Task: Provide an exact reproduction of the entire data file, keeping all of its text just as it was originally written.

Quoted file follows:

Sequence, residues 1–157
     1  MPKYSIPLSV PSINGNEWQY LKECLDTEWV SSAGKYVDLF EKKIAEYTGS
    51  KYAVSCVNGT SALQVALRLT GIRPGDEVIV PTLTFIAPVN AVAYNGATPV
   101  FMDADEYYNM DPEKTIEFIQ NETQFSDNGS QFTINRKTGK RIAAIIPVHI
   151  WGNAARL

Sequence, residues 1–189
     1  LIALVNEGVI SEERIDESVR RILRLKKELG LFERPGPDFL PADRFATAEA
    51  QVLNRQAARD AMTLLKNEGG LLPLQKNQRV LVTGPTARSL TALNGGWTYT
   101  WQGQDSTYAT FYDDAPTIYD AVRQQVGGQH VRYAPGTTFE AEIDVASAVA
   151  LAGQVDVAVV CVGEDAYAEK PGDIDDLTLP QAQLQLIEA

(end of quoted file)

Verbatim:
Sequence, residues 1–157
     1  MPKYSIPLSV PSINGNEWQY LKECLDTEWV SSAGKYVDLF EKKIAEYTGS
    51  KYAVSCVNGT SALQVALRLT GIRPGDEVIV PTLTFIAPVN AVAYNGATPV
   101  FMDADEYYNM DPEKTIEFIQ NETQFSDNGS QFTINRKTGK RIAAIIPVHI
   151  WGNAARL

Sequence, residues 1–189
     1  LIALVNEGVI SEERIDESVR RILRLKKELG LFERPGPDFL PADRFATAEA
    51  QVLNRQAARD AMTLLKNEGG LLPLQKNQRV LVTGPTARSL TALNGGWTYT
   101  WQGQDSTYAT FYDDAPTIYD AVRQQVGGQH VRYAPGTTFE AEIDVASAVA
   151  LAGQVDVAVV CVGEDAYAEK PGDIDDLTLP QAQLQLIEA